Oh alright then. What's the difference between a contraction, an abbreviation, and what the COED calls a 'symbol'?
Well, a contraction is a phrase of two or occasionally more words, which occurs with enough frequency that it becomes one word, generally with the loss of some sounds at the boundaries between the source words. Sometimes an apostrophe marks the loss, as in 'can't', but sometimes there isn't one, as in 'gimme'.
That's right, innit?
At school I learned that we're only ever allowed one apostrophe per contraction, presumably because we're only allowed one site of elision - that is, one group of contiguous phonemes (sounds) which are lost in contraction. So 'wouldn't've' is forbidden in writing, even though it's common in speech.
I can see absolutely no reason for this rule. Except for the obvious one that English teachers like to make up silly rules which are obviously untrue.
An abbreviation...is just a few letters from a written long word or phrase, which we write because life's too short to write the full version. But sometimes we show it's an abbreviation by putting a period symbol (.) after it.
For some abbreviations, when we read them we substitute the full version - 'etc.' becomes 'et cetera', 'inc.' gets unfolded to 'incorporated'. And for some we just say the names of the letters - 'PLC.', 'DJ'.
Um. Unless the abbreviation can be pronounced as a word, in which case we sometimes do just that. 'GIGO,', 'Radar', 'Gosplan'.
And yes, if it's made up of the first letters of each word, it's an acronym.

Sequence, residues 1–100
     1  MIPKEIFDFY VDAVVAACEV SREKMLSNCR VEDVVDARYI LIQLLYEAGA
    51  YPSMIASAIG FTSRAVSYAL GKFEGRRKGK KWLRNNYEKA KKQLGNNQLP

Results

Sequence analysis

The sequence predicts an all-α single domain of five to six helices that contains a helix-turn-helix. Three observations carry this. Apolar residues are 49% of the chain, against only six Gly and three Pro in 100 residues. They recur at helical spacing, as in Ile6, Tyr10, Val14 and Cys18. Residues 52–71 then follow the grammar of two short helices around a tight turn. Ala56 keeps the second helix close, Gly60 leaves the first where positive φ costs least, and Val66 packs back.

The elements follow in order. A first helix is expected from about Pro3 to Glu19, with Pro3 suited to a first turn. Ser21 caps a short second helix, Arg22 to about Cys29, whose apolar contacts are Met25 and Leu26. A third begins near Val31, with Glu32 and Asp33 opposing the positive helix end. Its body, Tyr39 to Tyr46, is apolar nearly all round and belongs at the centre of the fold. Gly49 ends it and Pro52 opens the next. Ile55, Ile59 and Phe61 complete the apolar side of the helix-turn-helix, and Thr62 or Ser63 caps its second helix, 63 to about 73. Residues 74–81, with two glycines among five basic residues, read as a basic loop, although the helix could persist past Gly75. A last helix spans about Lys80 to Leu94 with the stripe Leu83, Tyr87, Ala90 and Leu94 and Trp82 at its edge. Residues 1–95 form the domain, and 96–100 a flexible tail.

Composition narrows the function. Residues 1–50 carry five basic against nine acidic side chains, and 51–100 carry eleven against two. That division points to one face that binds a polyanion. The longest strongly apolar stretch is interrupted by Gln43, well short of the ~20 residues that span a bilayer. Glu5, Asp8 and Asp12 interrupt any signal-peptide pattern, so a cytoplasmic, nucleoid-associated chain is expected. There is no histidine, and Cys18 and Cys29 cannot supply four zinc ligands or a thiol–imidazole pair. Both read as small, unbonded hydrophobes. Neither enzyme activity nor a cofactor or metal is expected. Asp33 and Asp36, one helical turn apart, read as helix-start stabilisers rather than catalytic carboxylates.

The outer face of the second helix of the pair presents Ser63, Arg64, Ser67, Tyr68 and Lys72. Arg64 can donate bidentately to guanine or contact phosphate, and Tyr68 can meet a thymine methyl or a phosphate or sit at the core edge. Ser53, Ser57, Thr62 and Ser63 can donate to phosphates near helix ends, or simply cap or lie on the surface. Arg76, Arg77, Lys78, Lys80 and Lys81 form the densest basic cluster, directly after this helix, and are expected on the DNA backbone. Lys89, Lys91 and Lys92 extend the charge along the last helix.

So what's a symbol then? Well, it can be one of two things. Firstly, It can be a shape that isn't a letter of the alphabet, or sequence of letters, but represents a word - and when we read them, we tend to say them as words.
If we read the dollar sign ($), we tend to say 'dollar' or 'dollars'. The same sort of thing for the pound sterling sign (£) and the ampersand (&). They're shorthand. The obvious symbols which the COED forgets are the numerals - 1,2,3 etc - symbols which stand in for the words 'one', 'two', 'three' etc.
Plus (+), minus (-) and equals (=) all easily fit into this category, but what about the exclamation mark (!) and brackets ([ ])? They don't represent words - brackets are syntactic and the exclamation mark is what's called prosodic.
But for some reason, the SOED only lists the sterling symbol. The others it gives are alphabetic symbols - sequences of letters which represent words or phrases that are common enough to merit a short form, sometimes an abbreviation, but only in specialised fields.
'cm' is 'centimeter' (or 'centimetre' if you're (1) British and (2) old fashioned). 'kph' is 'kilometers per hour'. 'k' is 'kilobyte' but 'K' is 'kilobit'...unless you're a physicist, in which case it's 'Kelvin'.
'A4' is a size of paper if you're a secretary, and 'Au' is the element 'Lead' if you're a chemist...but 'AU' is 'Astronomical Unit' if you're an astrophysicist.
So. Here's the disappointingly small COED list of symbols.